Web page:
The 26th session of the Dakotas Annual Conference was held June 6-8 at the Bismarck Event Center. More than 500 attendees, consisting of voting members and guests, considered various items of business including a resolution related to LGBTQ persons.

Richard Wahlstrom, a member of Canyon Lake United Methodist Church in Rapid City, S.D., brought forth a resolution to eliminate discriminatory language, restrictions and penalties in the Book of Discipline regarding LGBTQ persons. Voting members of the 2019 Dakotas Annual Conference affirmed the resolution by a vote of 220 to 136. The resolution states:

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"We the members of the Dakotas Annual Conference, come together today in love with God and each other. We pray that the Holy Spirit will guide us to embrace diversity and differences of opinion, while liberating individual members to be fully themselves before God.

With that in mind:

• We affirm the sacred worth of all persons, including our LGBTQ siblings, celebrate their gifts, and commit to being in ministry with them. And therefore,

• We will work to eliminate all discriminatory language, restrictions, and penalties in the Discipline regarding LGBTQ persons."

The General Conference, the governing body for the United Methodist denomination, convened in St. Louis in February for a special called session. By a vote of 438 to 384, the General Conference adopted the Traditional Plan that strengthens enforcement of bans on "self-avowed practicing" gay clergy and same-sex weddings. The decision maintains the current language in the Book of Discipline that homosexuality is incompatible with Christian teaching, while adding further restrictions and penalties related to clergy who violate these restrictions.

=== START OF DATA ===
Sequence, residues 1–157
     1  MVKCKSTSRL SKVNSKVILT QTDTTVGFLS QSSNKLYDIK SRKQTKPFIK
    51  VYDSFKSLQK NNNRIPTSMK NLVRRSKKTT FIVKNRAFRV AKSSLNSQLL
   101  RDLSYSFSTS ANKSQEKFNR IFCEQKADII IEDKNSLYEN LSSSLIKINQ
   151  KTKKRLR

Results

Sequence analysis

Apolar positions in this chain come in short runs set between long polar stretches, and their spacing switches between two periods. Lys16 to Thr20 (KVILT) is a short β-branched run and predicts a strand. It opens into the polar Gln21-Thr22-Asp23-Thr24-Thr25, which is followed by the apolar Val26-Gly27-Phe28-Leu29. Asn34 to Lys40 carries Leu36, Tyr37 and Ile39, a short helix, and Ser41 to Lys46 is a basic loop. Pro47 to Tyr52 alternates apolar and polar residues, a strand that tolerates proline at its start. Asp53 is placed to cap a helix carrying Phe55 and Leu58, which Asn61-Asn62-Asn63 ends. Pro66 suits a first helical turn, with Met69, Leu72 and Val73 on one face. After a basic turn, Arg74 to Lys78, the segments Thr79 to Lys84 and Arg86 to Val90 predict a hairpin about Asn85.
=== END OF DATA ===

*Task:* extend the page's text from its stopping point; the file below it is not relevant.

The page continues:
Bishop Bruce R. Ough, resident bishop for the Dakotas-Minnesota Area of The United Methodist Church, recognizes that there is hurt and differences among many within the worldwide denomination and the Dakotas Conference.

"For many, the actions of the 2019 General Conference in February, has reawakened the hurt experienced by those in the LGBTQIA+ community," Ough said. "My heart is heavy as I acknowledge and lament this harm. Others welcomed the affirmation of traditional marriage and current language related to human sexuality. There are differing responses reflecting the depth of our division as a denomination."

The General Conference of The United Methodist Church will convene in Minneapolis on May 5-15, 2020. Groups have been meeting to discuss the future of The United Methodist Church and possible proposals to the 2020 General Conference.